When the final phase was happening, Jared immediately got a hold of Elias and started running for the tower, to be interrupted by tap-dancing sword jugglers, Death, and Nick Fury on the way.  He leapt through the screen and was helpless with laughter upon hearing the description of the landscape (as opposed to Rich’s reaction).  He refused to fight the goblins, and when the giant asked him what the matter was, he actually launched into an impassioned and convincing speech about how gaming was not just about fighting, or treasure, or anything like that!  With the ideal ending to “The Shimmering Screen”, Jared wins the prize for best playtester.

 


Appendix B:  The Origin of “The Shimmering Screen” (appended 7/3/96, H.C.)

The Shimmering Screen was cooked up by the authors in early to mid-1994 after countless jokes about the shoddy nature of gamemastering in many cases, and how much work it was to create a good adventure, only to have it wasted by the blundering of bad players.  The consensus was that game mastering was a gigantic hassle, and the hours and hours of work that go into running a campaign are scarcely appreciated by the players, who often badger the gamemaster to come up with a new adventure for them to ruin when the gamemaster would rather be doing other things (like making money, pursuing romantic interests, and keeping up with sports).  Soon, the idea of a completely ridiculous adventure based around the antagonism between the players and the gamemaster formed, and from there grew into this monstrosity faster than we could control it.  Basic plot ideas were drawn up, outlines were made, chapters were drafted and edited, copies sent back and forth on disk … it soon became difficult to remember that we were writing this as a joke, and were pursing it instead like a serious project.  So much the better.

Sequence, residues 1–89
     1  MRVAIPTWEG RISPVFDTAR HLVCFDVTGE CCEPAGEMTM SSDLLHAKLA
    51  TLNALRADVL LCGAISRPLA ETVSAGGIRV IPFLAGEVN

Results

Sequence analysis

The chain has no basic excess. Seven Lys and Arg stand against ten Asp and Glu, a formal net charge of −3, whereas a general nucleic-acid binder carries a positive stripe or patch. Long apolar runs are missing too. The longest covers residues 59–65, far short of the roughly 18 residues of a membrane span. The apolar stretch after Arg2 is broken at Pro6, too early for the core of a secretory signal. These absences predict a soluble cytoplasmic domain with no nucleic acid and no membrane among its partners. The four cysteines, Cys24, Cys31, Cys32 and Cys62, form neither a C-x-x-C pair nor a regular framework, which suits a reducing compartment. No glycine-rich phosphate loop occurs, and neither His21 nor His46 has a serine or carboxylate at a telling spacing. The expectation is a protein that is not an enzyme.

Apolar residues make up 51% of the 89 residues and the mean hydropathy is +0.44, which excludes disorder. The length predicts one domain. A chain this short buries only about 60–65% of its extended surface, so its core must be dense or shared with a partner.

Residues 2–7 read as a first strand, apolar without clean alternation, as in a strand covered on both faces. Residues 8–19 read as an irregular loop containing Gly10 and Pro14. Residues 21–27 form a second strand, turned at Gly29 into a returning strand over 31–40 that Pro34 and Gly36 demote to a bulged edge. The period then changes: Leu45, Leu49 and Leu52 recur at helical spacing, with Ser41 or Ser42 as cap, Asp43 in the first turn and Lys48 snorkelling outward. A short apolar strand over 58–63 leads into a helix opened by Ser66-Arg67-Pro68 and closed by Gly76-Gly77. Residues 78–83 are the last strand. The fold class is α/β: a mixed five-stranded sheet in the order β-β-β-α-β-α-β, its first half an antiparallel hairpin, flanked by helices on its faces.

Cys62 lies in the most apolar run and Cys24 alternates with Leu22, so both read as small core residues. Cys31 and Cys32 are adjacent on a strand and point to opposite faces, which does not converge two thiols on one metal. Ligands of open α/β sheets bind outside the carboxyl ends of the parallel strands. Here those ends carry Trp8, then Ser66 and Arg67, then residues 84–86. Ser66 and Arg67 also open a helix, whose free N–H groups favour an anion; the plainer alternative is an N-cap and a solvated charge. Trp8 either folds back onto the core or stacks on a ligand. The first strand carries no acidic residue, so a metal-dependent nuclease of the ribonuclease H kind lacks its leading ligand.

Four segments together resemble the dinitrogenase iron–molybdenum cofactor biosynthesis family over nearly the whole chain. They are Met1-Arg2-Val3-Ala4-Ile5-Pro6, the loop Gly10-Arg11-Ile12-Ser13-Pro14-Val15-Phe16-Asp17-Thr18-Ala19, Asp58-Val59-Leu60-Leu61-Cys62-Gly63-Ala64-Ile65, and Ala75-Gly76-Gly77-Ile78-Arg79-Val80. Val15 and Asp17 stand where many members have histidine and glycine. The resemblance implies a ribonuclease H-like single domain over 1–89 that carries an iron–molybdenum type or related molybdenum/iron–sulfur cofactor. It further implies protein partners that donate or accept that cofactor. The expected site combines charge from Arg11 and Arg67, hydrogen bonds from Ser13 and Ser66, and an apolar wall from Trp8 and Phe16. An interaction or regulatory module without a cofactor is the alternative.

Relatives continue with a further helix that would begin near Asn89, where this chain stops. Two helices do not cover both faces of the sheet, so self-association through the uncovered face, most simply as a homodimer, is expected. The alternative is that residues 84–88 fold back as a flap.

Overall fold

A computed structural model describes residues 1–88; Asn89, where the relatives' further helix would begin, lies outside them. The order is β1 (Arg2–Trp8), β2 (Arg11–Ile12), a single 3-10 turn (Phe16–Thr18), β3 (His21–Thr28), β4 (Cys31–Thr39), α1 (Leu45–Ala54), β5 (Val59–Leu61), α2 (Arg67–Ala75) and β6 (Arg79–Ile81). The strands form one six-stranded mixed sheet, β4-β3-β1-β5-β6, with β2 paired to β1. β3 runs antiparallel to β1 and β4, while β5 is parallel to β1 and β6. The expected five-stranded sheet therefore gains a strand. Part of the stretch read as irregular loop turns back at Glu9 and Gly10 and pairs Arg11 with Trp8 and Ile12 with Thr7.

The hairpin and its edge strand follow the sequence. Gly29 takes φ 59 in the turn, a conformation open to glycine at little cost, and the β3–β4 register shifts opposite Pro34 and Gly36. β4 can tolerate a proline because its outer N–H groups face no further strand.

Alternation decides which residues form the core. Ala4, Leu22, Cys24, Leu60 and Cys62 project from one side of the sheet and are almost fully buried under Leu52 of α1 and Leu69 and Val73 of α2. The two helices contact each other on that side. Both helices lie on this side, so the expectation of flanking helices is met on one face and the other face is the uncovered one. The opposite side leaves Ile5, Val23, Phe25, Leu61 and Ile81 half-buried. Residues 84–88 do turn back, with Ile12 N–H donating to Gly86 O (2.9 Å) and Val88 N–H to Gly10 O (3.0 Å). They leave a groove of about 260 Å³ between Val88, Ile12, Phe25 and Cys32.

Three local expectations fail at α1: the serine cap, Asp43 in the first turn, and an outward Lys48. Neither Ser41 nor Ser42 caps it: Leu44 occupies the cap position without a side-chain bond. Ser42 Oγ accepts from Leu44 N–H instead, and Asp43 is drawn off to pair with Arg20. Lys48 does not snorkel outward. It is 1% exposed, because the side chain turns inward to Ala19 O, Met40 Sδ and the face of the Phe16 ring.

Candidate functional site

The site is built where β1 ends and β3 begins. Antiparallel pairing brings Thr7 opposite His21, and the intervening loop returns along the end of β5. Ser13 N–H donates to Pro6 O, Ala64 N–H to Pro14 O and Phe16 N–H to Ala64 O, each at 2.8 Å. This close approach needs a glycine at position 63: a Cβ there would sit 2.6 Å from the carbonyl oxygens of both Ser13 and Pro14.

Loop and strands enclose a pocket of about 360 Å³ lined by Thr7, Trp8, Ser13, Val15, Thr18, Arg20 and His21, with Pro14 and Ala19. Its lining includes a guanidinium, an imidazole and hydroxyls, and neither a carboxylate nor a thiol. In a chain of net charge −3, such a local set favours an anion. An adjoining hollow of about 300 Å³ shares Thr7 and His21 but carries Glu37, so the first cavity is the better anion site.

Much of the material for The Shimmering Screen comes out of an excellent AD&D (1st edition) campaign originally drawn up by Tony’s brother Lo, called “The Northern Continent.”  From the setting comes North Contis, and the governor is based on Howard’s character, a ranger named Roland Hadley (who manages to sneak into every campaign Howard ever runs in any setting).  Much of the rest of the adventure is based on cheesy fantasy adventure motifs, including the tower of the wizard, the tavern brawl, the mysterious symbols which seem important but wind up meaning nothing (if the GM hasn’t planned that far ahead), the sealed magical portal that lies in every sewer under every fantasy city, etc.  The randomly generated tunnels under the city are a play on the Random Dungeon Generation tables in the back of the AD&D DM’s Guide (1st edition), which has always amused the authors (along with the Pummeling Table and the Potion Miscibility Table).  Most importantly, the inspiration for the adventure lies much in the fact that when Lo originally ran the Northern Continent campaign, Tony and Howard stayed cooped up in a shed in his backyard for a week, playing every day for as long as we could pester Lo into refereeing, always hassling him for more adventure.  At the end of this week, Lo put away the campaign materials, and the campaign wasn’t touched again until two years later, when Tony picked it up as the DM.  The players (especially Howard) continued to badger him about more adventures, which is probably why the Northern Continent hasn’t seen any action for about two years as of this writing.  (The Northern Continent is still, hands down, the best fantasy role-playing campaign I have ever played, and I hope Lo comes up with more stuff for it soon — H.C.)